Cholesterol Drug Controversy Continues

March 31, 2008
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Cholesterol Drug Controversy Continues

The controversy about Vytorin and Zetia continues.
As I’ve been saying since this story began to break, the group of patients studied was one that had a genetic disease leading to very high levels of cholesterol.
This study was not done on normal patients.
Further, in this type of patient, it is not unusual to need three drugs to control their cholesterol levels. So, the fact that two drugs (Vytorin [ezetimibe & simvastatin] and Zetia [ezetimibe]), did not work to reduce plaque in the neck arteries should not be terribly surprising.
The real question is whether a drug like Vytorin, which dramatically lowers LDL(“bad” or “lethal” cholesterol), can reduce the risk of heart attacks or strokes. Studies looking at that are now in progress.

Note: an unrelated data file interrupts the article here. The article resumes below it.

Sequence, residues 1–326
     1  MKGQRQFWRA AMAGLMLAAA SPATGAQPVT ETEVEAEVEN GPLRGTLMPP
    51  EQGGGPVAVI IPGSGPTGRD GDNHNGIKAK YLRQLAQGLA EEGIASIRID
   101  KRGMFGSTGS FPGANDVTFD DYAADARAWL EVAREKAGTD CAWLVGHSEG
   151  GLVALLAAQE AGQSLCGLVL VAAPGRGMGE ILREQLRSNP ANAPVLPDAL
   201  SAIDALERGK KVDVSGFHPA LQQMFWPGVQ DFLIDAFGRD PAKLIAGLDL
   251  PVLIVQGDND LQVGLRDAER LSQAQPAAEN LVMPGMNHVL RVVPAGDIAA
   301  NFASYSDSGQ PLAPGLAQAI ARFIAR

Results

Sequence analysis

And, my guess is that they will show that Vytorin will be shown effective at reducing heart attacks, strokes, and deaths. Thus, I will continue to take it personally, as it has, along with diet and exercise, helped normalize my TC, HDL, LDL, TG, and ApoB (see the next blog entry).
But, in the meantime, I agree with those who say that physicians should use ezetimibe mostly in (1) those people in whom it is needed to get them down to a target level of LDL cholesterol (like me) or (2) those people who cannot tolerate high dose of statins.
Look for a study later this week showing that one statin, Crestor, actually reduces the plaque in coronary arteries to some degree.
Cholesterol Drug Controversy Continues

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